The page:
reducing "Crew-caused"
approach and landing

Pilot-in-charge Monitored Approach

Experience and usage

"Monitored Approach" procedures are used with differing degrees of obligation depending on weather etc., by numerous air transport operations. Information on this page is believed to be accurate at mid-April 2015, and will be modified as necessary when confirmed information on operators' implementations becomes available.  

This site will not show any airline as a user unless some form of official documentation to that effect has been seen. Therefore, it is likely that many more operators than are listed actually make use of it. Any such updates will be most welcome and should be advised by email to

As an initial indication, operators that are believed (from this author's sight of independent information) to be using "Monitored approach" procedures include

  • British Airways
  • Continental Airlines  
  • Federal Express
  • Ryanair
  • South African Airways
  • Air Mauritius
  • Several Canadian operators 
  • Helicopter operators including CHC Scotia, Bristow, Bond Offshore.   

Operators that used monitored approach procedures in the past but may or may not now use them as a result of mergers/takeovers/cessation of operation include 

  • TWA
  • United 
  • American Airlines
  • Western Airlines
  • NorthWest Airlines 

An initial indication of pilot experience and opinion on PicMA is also listed here. This was obtained by asking for a view from pilots who have decades of experience as pilot representatives in air safety matters. All were Presidents or other senior elected officers of IFALPA, and whose work has been recognised by at least one of the principal awards from the International Federation of Airline Pilots Associations.  Since this page was initailly compiled significantly more positive comment has been received and will be added as time permits.  

Name and Airline Comment

Dave Moore, British Airways. 

I was in the " Old School " of BOAC and after the merger we had to convert to the monitored approach. After training for all my Captain career I have to admit to becoming a complete convert to the pilot who is going to do the landing being the non-handling pilot looking for visual clues all the way down to decision height.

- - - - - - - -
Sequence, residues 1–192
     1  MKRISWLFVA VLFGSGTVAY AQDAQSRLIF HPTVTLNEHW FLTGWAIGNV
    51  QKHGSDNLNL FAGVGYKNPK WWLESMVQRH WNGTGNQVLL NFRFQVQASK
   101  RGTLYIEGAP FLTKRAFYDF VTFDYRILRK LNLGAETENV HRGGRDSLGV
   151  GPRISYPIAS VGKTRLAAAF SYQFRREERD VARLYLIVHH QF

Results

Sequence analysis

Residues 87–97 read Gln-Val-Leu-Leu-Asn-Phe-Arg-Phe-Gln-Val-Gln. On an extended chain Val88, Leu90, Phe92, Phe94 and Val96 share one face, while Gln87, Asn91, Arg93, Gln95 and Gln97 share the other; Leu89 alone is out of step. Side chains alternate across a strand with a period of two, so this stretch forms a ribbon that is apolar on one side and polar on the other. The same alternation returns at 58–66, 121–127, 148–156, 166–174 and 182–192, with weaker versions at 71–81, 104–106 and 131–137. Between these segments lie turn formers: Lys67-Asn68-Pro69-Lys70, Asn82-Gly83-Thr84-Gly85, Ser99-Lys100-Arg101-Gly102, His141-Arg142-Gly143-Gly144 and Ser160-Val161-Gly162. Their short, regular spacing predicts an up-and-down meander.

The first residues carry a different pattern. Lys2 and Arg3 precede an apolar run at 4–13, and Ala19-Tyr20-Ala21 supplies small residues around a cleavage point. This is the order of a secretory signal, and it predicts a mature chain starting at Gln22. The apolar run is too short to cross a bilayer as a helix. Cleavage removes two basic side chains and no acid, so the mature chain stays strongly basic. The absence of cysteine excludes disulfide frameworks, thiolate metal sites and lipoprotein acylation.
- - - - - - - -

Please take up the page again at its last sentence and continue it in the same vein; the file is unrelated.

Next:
Tom Kreamer, USAir.  Completely agree with Dave Moore's comments
Bruno d'Alba, Alitalia Definitely the pilot who is going to do the landing, or initiate the go around, should be looking for positive visual contact and he will be the non handling pilot all the way down to decision height, when land or go around is decided.
Peter Schmidtleitner, Austrian Airlines

When the philosophy of "Monitored Approach" was introduced decades ago (Autoland naturally came later) there was some resistance from the "old eagle" pilots. But even they soon recognized the safety benefit of this philosophy. I am convinced that in absence of autoland the "Monitored Approach" is the safest procedure in marginal conditions. In the interest of safety I do hope that the philosophy of "split cockpit" in marginal conditions is still employed, maybe with another name than "Monitored Approach".

Bill Melvin, Delta Airlines I am 100 percent convinced you are right. In the interest of maximum performance and safety, the command pilot must make the decision to land regardless of who is monitoring the autopilot or hand flying. I have flown approaches where it was not possible for the flying pilot to have seen the approach lights in time to make the landing. The role of the flying pilot is to plan on a missed approach--he is to fly to minimums and make a miss. The procedure should be: the command pilot tells the flying pilot to make a miss or "I have it" and makes the landing.
Harry Hopkins, British Airways Extensive comment in favour. 
Brian Greeves, Cathay Pacific  In the transport force of the Royal Air Force, “split (monitored) approaches” were the norm. I was very surprised when I went into civilian airline flying that the captain was supposed to fly the approaches in inclement weather. Like you, I have always been an ardent supporter of this procedure, but I found resistance to introduce it in every airline in which I flew.

Ted Murphy, Aer Lingus 

I have flown for airlines that do monitored approaches and airlines that don't and I would certainly endorse them.  It is worth noting that low vis autoland approaches are conducted using a version of the monitored approach.
Tony van Heerden, South African Airways Confirmed that it is used in SAA and Air Mauritius

Francis Truchetet, Air France

I have used the MA concept only when I was a copilot on the B727 that was not autoland capable. We had two procedures for Cat 2 approaches, one was the Capt is flying the approach under autopilot until DA (100ft usually) and decide based on visual cues to land (manually) or GA (with the autopilot), the other was the F/O is hand flying the approach until DA and the Capt takes over to land or GA. The Capt usually preferred the second method (MA) as they were able to have a smooth transition and a better feel for the aircraft (they said). So you can tell that I’m not an expert on MA, but I think it is a very good and well proven concept.
Tony Beatty, Canadian Airlines  As you know, I flew for BEA and was an advocate of the Pilot Monitored Approach

Paul Woodburn, Former IATA Head of Flight Safety, former Chief Pilot Technical BAW

There is no question in my mind that the monitored approach concept is safer than any other. The available data and growing adoption by other respected operators supports this conclusion.